Last week, new building applications were submitted for Solar Carve, the glassy, futuristic commercial project from Chicago-based architecture firm Studio Gang. The 190-ft, 12-story ultra-modern structure at 40–56 Tenth Avenue will have 116,205 sqft of commercial space and two floors designated to retail.
Solar Carve is a conceptual commercial space that explores molding a building for optimum solar access, as well as incorporating views of The High Line’s integrated green space in order to maximize the functionality of its form.
This sort of seamless integration of intuitive urban development with ecological sustainability is the hallmark of Studio Gang’s mission and philosophy. Their architecture combines the needs of a community by designing structures that reflect the culture of their location. Their interior design develops spaces that echo and enhance the concept of the architecture that houses them. Both their architecture and design practices are implemented with urbanism as the springboard. Their focus on the lifestyle of urban dwellers means using geo-spatial services to create modern spaces that reflect the ethos of a community while fostering positive civic and cultural impact.
One such grand scale project is the behemoth, geologically-inspired extension to the American Museum of Natural History on the Upper West Side. The plans for the Gilder Center Central Exhibition Hall, revealed this week by Studio Gang principal architect Jeanne Gang, will be composed of curving forms of structural concrete that create a flowing, stalactite-reminiscent structure with open spaces to let in the light from the vast, windowed facade. The design was inspired by ecological processes found in the natural world, with birds in flight and oceanic species suspended from the ceiling. Recessed niches will provide a diorama for exhibition elements while visualization theaters, gene mapping laboratories, and 3D imaging devices will bring accessibility to the museum’s scientific collections. The integrated design of the hall's space will allow for public assimilation with the museum on a tactile and visually impactful level, allowing the public to understand the complexity of science and nature through engagement.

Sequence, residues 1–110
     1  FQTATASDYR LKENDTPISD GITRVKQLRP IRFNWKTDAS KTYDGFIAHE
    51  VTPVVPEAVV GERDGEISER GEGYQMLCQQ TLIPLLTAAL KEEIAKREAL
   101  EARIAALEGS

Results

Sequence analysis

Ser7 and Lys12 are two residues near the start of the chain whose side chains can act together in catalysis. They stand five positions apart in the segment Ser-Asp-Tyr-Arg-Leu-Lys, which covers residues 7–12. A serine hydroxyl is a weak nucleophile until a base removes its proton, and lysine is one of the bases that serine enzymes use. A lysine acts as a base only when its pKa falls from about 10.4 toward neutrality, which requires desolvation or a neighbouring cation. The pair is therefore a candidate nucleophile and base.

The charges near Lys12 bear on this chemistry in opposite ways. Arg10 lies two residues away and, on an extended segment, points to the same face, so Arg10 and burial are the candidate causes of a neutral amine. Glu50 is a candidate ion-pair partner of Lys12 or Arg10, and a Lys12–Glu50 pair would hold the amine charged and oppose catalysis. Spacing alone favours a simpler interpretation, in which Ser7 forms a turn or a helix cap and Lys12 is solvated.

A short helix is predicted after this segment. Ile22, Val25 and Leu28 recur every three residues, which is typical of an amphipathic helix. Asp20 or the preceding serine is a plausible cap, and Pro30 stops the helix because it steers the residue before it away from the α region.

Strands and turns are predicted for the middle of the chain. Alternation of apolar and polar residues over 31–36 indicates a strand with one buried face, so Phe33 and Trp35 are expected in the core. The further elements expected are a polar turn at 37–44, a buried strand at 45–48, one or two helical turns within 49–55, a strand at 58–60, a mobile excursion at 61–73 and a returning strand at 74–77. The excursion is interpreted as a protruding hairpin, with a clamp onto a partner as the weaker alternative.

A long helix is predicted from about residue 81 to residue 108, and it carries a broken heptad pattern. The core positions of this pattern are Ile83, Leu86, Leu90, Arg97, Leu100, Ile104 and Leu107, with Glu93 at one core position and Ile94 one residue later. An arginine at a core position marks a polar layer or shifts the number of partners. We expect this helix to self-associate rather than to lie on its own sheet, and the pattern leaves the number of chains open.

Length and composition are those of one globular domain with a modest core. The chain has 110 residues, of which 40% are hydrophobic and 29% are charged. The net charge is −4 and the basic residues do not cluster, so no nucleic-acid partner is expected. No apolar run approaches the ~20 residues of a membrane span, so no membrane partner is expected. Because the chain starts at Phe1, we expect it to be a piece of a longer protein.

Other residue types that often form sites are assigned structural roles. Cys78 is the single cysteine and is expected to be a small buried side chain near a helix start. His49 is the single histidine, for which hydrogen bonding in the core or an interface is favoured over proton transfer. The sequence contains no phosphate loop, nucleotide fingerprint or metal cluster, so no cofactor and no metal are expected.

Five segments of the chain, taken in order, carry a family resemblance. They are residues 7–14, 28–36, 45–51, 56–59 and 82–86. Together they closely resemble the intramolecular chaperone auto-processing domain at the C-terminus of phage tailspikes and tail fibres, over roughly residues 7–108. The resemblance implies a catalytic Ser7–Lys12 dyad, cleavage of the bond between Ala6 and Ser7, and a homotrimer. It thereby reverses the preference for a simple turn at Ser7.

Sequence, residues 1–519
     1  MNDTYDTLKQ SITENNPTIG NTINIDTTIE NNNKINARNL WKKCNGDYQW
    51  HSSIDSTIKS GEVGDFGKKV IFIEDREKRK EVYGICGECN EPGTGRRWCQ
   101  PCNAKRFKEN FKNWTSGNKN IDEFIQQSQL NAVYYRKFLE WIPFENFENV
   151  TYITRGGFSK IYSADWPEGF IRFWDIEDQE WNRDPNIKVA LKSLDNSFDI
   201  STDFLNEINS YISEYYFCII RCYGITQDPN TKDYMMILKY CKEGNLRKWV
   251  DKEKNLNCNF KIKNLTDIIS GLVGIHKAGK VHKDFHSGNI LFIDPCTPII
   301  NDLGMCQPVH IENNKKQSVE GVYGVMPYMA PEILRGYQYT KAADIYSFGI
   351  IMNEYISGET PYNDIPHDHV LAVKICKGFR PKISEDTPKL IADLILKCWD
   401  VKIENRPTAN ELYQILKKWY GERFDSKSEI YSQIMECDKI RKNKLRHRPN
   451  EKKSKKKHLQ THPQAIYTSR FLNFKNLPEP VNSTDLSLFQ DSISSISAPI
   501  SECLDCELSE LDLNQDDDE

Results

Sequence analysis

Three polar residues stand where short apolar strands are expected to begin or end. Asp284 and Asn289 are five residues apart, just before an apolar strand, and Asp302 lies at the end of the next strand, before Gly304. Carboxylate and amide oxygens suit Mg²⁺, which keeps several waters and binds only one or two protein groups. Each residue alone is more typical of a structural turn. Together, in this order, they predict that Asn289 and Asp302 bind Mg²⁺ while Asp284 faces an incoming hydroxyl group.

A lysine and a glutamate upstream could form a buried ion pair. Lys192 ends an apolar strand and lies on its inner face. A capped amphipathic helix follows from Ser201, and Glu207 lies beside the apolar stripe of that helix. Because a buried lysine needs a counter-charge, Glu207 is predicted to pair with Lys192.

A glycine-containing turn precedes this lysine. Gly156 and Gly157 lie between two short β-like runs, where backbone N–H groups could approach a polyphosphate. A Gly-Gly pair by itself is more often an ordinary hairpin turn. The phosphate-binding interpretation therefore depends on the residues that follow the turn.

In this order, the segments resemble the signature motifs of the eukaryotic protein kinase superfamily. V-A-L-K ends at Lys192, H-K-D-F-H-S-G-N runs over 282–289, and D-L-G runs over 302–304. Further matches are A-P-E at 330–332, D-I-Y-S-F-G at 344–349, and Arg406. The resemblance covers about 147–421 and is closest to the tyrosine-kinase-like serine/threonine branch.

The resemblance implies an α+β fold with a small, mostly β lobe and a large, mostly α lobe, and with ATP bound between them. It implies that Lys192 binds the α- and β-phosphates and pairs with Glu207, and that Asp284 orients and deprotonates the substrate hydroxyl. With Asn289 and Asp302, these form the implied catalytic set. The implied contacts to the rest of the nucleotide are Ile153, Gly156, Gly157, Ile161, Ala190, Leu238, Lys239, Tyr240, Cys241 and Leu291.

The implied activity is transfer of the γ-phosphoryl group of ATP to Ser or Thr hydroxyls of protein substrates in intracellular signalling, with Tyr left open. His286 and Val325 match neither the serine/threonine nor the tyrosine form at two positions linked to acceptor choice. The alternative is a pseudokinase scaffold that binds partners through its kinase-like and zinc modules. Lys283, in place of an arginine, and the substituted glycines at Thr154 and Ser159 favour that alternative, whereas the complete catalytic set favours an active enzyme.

Integrated urbanism in architectural design is a concept Jeanne Gang is eager to bring to the high-rise residential tower. Last month, the Council on Tall Buildings and Urban Habitat (CTBUH) held their 2015 CTBUH International Conference in New York at the Grand Hyatt in Midtown. Representing Studio Gang, she presented her new piece, entitled “Three Point of the Residential High-Rise: Designing for Social Connectivity”. In her presentation, she explains the challenges high-rise residential buildings face from an urbanism standpoint: it is difficult, for them to be socially integrated and connected to their surroundings. Their structures are, by design, insular and non-engaging. Gang explored a variety of design options that will improve the social connectivity of the high-rise residential tower in order to fully engage and integrate it with its urban landscape.
Studio Gang’s focus on architecture and design that not only reflect their surroundings but embrace and accommodate urbanism, is a vision that will ensure a cohesive fluidity between a community and the buildings that inhabit it.